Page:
Wednesday, January 14, 2009

Employee training and the 2009 budget battle

As we enter 2009 and our country falls deeper into a recession, a recent survey has revealed how many companies plan to cut costs this year and it all starts with HR.

Most companies plan to cut costs in 2009 through a combination of layoffs, hiring freezes, reduced employee training and reevaluating various other HR programs, according to a 2008 fourth quarter study by global consulting firm Watson Wyatt.

We’ve said it before and we’ll say it again - employee training is one of your most valuable business assets, especially during periods of economic hardship.

Though our budgets are stretched almost to the breaking point, now is not the time to eliminate employee training opportunities.

Why training is more important during a recession:

  • Well trained employees work more efficiently, with less errors and delays.
  • Training improves employee engagement, loyalty and development.
  • Employees taking on more work get up to speed faster with the right training.
  • Training gives a boost to employee morale and confidence.

Resist the urge to take the “easy” way out by cutting development opportunities and find creative ways to stretch your training dollars to their full potential.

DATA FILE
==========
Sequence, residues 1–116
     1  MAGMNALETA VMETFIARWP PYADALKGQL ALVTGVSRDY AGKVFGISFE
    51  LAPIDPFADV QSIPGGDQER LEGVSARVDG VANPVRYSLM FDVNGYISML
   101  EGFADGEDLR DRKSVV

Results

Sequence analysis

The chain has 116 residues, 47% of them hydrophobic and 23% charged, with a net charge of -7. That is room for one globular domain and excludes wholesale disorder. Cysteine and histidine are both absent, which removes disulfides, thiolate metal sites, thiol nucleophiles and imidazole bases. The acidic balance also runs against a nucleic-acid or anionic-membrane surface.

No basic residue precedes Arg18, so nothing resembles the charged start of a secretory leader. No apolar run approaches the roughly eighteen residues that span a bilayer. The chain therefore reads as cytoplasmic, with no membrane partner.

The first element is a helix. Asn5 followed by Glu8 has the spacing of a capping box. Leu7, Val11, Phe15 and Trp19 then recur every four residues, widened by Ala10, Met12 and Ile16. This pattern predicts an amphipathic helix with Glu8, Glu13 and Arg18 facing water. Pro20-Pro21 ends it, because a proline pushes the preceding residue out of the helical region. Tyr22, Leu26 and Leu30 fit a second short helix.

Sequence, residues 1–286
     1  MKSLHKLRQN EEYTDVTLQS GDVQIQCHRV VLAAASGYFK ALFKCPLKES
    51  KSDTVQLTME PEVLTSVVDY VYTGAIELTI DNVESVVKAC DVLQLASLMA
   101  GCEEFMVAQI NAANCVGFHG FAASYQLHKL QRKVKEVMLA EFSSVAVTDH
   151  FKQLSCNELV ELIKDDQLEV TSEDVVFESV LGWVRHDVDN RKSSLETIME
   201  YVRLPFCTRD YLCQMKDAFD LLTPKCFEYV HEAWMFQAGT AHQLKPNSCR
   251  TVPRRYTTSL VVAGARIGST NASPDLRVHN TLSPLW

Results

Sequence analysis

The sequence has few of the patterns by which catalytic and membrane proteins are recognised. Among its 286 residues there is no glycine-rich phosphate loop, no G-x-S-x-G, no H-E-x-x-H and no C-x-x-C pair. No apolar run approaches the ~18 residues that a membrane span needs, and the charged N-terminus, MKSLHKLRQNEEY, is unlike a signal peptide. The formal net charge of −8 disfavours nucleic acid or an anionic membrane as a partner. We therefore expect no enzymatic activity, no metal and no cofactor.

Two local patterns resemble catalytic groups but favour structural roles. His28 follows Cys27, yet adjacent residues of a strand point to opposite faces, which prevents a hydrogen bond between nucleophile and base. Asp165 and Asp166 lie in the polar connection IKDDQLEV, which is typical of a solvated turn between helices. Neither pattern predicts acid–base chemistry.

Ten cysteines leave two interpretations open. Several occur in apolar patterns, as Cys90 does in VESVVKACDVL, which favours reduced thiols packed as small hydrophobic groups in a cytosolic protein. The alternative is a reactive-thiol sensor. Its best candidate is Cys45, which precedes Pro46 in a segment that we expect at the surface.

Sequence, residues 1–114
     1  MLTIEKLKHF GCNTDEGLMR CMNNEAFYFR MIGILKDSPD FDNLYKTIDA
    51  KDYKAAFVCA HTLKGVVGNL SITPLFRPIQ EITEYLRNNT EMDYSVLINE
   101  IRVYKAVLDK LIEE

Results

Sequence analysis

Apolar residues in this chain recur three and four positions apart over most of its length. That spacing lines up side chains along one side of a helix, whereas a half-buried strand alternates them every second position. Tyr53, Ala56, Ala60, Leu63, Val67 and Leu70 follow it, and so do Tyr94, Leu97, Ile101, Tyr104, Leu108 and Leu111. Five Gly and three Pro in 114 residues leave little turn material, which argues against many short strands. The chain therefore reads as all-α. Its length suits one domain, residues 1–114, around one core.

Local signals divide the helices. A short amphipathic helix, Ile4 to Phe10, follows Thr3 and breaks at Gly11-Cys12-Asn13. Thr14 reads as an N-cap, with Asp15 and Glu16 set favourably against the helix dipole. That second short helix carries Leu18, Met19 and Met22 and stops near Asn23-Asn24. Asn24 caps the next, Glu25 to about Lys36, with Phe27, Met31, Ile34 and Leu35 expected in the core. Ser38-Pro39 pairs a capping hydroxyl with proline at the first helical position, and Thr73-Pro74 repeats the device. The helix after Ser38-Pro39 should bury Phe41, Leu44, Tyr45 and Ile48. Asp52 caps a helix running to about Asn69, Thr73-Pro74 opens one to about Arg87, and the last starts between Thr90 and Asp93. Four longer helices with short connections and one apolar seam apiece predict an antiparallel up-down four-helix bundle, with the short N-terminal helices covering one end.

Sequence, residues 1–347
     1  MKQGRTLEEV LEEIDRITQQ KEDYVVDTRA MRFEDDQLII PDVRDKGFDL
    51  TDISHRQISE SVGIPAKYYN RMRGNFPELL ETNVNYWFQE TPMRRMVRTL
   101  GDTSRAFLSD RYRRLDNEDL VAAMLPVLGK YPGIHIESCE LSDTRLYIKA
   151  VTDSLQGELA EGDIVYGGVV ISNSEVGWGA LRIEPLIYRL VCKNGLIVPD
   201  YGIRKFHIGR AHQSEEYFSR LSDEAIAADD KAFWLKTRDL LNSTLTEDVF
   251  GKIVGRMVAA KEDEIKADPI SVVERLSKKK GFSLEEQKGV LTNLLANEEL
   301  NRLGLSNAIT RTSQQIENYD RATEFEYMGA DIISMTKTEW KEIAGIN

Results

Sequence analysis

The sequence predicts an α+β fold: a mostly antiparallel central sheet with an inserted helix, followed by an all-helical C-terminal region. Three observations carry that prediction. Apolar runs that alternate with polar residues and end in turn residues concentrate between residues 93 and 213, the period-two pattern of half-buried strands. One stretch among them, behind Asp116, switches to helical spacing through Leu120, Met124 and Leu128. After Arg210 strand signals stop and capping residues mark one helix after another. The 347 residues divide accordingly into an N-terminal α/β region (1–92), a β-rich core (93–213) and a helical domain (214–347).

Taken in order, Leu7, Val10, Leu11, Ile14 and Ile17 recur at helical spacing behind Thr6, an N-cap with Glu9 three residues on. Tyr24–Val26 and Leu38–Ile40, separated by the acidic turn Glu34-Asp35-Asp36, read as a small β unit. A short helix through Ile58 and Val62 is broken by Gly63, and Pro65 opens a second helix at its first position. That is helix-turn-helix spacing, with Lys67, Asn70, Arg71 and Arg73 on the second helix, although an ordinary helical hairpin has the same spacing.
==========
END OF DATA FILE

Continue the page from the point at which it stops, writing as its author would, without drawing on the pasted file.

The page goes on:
In a recent article at TrainingZone, Nigel Paine, former head of training and development at the BBC, outlined ways organizations can rise to the challenge during these tough times and stay focused on L&D.

Here are a few tips from his list of top learning and development strategies for 2009:

  • Don’t panic. Though many of your programs may be on notice, use this time to adjust your strategy, plan and take a close look at what is or is not working. Put your focus on the skills and attitudes will get you through the next year.

  • Innovate. Restructuring isn’t always a bad thing. The old way of doing things may not be working anymore. Use this opportunity to discover new employee training ideas to take you into the future.

  • Get online. E-learning has been growing by leaps and bounds over the past few years. Online resources can help you cut down on training costs and deliver learning faster, with less time away from work.

  • Listen. What can you do to support those in your organization who are having a tough time? What type of training opportunities would help them succeed? Listening to your staff is the best way to determine their needs.

  • Find free or cheap training tools. Do your research and find low cost equivalents for the product or service you’re planning to buy. Selling new training ideas to the boss is much easier when your idea is free.

And remember Paine’s advice: “This is the time for thought not panic … be optimistic but realistic!”

No comments:

Brought to you by